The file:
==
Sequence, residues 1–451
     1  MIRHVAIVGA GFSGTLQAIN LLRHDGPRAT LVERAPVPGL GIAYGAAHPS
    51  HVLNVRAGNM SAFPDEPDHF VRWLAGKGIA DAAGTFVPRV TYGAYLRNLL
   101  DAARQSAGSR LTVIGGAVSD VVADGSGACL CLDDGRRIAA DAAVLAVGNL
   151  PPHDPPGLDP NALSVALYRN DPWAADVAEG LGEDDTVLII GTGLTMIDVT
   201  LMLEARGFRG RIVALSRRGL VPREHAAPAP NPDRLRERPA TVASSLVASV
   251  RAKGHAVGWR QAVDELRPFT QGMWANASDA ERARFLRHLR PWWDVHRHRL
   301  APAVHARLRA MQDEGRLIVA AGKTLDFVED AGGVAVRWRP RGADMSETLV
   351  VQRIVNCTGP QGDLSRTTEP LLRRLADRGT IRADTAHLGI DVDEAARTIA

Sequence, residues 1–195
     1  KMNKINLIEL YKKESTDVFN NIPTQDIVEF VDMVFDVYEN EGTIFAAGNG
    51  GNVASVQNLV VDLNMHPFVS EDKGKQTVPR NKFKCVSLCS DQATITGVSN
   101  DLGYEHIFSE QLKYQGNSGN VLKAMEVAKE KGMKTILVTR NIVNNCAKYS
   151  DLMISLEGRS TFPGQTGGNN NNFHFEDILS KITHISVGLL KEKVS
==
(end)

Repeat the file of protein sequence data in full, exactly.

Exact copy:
Sequence, residues 1–451
     1  MIRHVAIVGA GFSGTLQAIN LLRHDGPRAT LVERAPVPGL GIAYGAAHPS
    51  HVLNVRAGNM SAFPDEPDHF VRWLAGKGIA DAAGTFVPRV TYGAYLRNLL
   101  DAARQSAGSR LTVIGGAVSD VVADGSGACL CLDDGRRIAA DAAVLAVGNL
   151  PPHDPPGLDP NALSVALYRN DPWAADVAEG LGEDDTVLII GTGLTMIDVT
   201  LMLEARGFRG RIVALSRRGL VPREHAAPAP NPDRLRERPA TVASSLVASV
   251  RAKGHAVGWR QAVDELRPFT QGMWANASDA ERARFLRHLR PWWDVHRHRL
   301  APAVHARLRA MQDEGRLIVA AGKTLDFVED AGGVAVRWRP RGADMSETLV
   351  VQRIVNCTGP QGDLSRTTEP LLRRLADRGT IRADTAHLGI DVDEAARTIA

Sequence, residues 1–195
     1  KMNKINLIEL YKKESTDVFN NIPTQDIVEF VDMVFDVYEN EGTIFAAGNG
    51  GNVASVQNLV VDLNMHPFVS EDKGKQTVPR NKFKCVSLCS DQATITGVSN
   101  DLGYEHIFSE QLKYQGNSGN VLKAMEVAKE KGMKTILVTR NIVNNCAKYS
   151  DLMISLEGRS TFPGQTGGNN NNFHFEDILS KITHISVGLL KEKVS